At last, everyone owns the water

At last, a political leader has asserted that everyone in New Zealand owns the water, and that was National Party Leader Judith Collins.

National believes water "belongs to everyone, but is owned by no one", and would work with local councils, iwi, and community groups to find solutions that enable more use of our water while "retaining flexibility" to encourage new infrastructure, Ms Collins said on Wednesday in her debate with Labour Leader Jacinda Ardern. 

"National wants a strategy and model that allows us to unlock our economic potential and safeguard our communities from increasing drought," she said. 

"The recent Auckland water crisis highlighted the need for more to be done. Cities like Auckland need a resilient and clean water supply to continue being a world-class city, and to make sure we can deal with the economic crisis we are facing," she said.

The assertion by former leader John Key that no one owned water or the foreshore and seabed created the impression that resources were up for grabs.

Biculturalists immediately mounted the argument that because some citizens had some Maori ancestry, and because Maori were in New Zealand before non-Maori, New Zealanders with Maori ancestry were the rightful owners of natural resources and were therefore entitled to rent them out or receive a royalty.

Ihumatao is private land

Ihumatao is private land and the Government should not be organising deals involving it, Ms Collins said on Wednesday.

The Government in the early 1990s went down the track of caving in to protesters claims for private land at Maunganui Bluff in Northland and that forced seven farming families to sell to the Government because the claims made their land worthless.

The economic loss and social carnage cause by those land claims also prompted the Government to amend the Treaty of Waitangi Act so that the Waitangi Tribunal could no longer recommend the return of private land.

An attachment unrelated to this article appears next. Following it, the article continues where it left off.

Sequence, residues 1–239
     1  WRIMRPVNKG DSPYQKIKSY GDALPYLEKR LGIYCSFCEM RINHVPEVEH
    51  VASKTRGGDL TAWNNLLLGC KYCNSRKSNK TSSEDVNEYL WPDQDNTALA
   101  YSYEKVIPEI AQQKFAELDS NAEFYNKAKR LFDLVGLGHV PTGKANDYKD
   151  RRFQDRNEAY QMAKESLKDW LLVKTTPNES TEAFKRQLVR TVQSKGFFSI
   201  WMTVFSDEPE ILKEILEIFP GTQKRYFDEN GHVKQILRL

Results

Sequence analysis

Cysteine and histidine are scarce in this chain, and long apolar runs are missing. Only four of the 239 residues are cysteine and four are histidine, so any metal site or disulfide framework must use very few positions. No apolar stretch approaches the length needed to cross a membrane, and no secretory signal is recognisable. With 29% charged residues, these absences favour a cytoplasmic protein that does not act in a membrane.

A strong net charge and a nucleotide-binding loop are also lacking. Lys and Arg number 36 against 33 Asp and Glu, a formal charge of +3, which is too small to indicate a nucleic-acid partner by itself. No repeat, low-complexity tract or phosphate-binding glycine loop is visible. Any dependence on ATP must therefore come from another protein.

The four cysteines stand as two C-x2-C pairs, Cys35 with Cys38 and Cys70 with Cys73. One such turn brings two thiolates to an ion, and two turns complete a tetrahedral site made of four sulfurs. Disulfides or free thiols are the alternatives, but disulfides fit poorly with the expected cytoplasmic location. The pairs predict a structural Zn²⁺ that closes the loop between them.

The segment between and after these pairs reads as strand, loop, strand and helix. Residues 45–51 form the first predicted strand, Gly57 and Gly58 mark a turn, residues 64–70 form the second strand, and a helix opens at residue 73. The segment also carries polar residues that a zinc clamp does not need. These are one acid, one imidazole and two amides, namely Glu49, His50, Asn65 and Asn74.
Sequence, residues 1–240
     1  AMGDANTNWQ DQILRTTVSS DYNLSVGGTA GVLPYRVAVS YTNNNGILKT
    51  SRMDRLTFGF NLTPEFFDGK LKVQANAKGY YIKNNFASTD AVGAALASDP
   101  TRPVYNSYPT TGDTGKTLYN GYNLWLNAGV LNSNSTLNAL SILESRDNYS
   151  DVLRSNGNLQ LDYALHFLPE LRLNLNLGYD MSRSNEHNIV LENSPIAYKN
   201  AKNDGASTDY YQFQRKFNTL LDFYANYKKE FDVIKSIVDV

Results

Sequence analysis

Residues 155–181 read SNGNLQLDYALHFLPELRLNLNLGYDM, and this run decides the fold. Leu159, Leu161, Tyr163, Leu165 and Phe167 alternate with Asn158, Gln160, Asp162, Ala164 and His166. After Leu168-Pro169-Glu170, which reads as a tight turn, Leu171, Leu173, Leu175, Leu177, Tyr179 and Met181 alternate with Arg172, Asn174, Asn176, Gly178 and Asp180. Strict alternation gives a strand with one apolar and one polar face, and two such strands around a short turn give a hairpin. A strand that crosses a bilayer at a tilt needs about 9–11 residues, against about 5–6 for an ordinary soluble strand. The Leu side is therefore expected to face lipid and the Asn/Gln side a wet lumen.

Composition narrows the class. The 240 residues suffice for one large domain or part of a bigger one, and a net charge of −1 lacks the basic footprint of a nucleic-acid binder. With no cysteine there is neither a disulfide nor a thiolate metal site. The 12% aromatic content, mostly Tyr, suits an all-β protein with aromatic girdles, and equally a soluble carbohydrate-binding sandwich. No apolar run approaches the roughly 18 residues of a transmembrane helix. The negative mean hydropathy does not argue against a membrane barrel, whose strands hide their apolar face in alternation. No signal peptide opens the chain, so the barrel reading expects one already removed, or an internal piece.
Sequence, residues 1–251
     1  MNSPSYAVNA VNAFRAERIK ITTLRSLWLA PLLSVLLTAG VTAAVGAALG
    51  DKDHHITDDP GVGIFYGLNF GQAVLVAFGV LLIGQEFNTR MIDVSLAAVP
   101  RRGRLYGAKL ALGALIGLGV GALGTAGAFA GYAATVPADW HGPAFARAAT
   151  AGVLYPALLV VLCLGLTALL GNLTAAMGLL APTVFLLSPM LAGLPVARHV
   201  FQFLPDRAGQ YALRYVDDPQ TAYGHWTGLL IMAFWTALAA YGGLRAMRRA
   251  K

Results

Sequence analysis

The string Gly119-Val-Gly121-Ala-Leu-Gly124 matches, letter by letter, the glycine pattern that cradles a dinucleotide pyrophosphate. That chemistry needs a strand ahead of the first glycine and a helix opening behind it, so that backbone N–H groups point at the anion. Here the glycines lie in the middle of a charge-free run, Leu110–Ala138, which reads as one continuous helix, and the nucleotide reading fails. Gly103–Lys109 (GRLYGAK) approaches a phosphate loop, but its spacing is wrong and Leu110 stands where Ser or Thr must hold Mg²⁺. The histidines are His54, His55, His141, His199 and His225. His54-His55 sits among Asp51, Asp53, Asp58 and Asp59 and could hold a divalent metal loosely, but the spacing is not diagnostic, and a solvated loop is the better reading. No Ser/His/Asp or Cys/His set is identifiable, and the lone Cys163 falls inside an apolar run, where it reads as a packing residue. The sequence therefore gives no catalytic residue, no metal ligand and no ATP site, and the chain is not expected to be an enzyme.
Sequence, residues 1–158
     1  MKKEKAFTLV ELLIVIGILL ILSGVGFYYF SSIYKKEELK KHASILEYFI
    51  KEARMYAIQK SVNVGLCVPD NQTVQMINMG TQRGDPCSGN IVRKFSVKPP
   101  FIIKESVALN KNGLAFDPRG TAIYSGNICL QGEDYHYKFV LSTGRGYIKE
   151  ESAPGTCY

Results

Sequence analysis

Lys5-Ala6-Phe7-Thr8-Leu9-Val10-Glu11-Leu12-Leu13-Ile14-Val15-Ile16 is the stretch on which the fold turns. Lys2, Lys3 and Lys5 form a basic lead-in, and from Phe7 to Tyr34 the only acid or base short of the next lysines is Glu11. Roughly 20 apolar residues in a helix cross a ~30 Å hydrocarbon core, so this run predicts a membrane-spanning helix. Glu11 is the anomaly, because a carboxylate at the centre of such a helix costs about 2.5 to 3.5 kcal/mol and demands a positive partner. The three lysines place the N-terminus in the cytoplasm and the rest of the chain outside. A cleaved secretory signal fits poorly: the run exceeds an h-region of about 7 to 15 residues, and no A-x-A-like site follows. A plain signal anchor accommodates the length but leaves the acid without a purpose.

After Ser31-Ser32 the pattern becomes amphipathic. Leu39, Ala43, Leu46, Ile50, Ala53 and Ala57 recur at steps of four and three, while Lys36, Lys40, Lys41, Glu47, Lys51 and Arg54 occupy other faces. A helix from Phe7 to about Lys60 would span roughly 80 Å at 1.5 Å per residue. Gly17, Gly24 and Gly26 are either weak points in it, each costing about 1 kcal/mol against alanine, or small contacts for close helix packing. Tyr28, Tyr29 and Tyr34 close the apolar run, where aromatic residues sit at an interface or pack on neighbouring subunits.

Our petition for the Government to allow both Te Kawerau a Maki and Fletchers to proceed with their lawful business at Ihumatao has collected 3178 signatures. If you have not done so already, please sign our petition at

ACT would abolish Maori seats

ACT leader David Seymour introduced two years ago a private member’s bill that would abolish Maori seats, slash 20 MPs from Parliament, and reduce the number of electorates to 54.

The bill would reduce the size of Parliament to 100 (from 120), and reduce the size of the executive to 20 (from 31, including ministers outside Cabinet and parliamentary under-secretaries).

Each prospective MP would also have to stand in an electorate - whether they were list or electorate MPs. If they lost in the electorate, they could still get into Parliament on the list, but they would have an established electorate office, and would be expected to actively help people within their electorate.

There are currently 71 electorates are made up of 64 general and seven Maori electorates.


Other parties on HP issues

Other parties have made strong statements on Hobson’s Pledge issues.

New Zealand First would ensure the future of Maori seats is a decision for the people to make, oppose the establishment of separate Maori Wards in local government, and oppose “any dangerous settlement” of the Ihumatao issue.

The New Conservatives would repeal race-based co-governance arrangements, disestablish Māori electorates, remove reference to “the principles” of the Treaty of Waitangi from legislation, repeal the Marine and Coastal Area (Takutai Moana) Act 2011 to return ownership of the coastal and marine area to everyone, held in trust by the Government, and review all race-based funding to ensure that funding is based on need not ethnicity.

To see where all political parties stand, go to

Our coastal petition is growing

Our petition which asks Parliament to amend the Marine and Coastal Area (Takutai Moana) Act 2011 to restore public ownership of the coastal area, put all claims through the High Court, and repeal customary marine title, while affirming customary rights has picked up 25,358 signatures. We need your support. The petition may be signed at Even if you have signed, you may follow the link to ask your social media friends to sign to.

Frequently asked questions

Join the debate on Facebook. You may visit this page at

Visit our website at

Grow the movement. Forward this email to your friends and family

Donate. Visit

Buy a book. Visit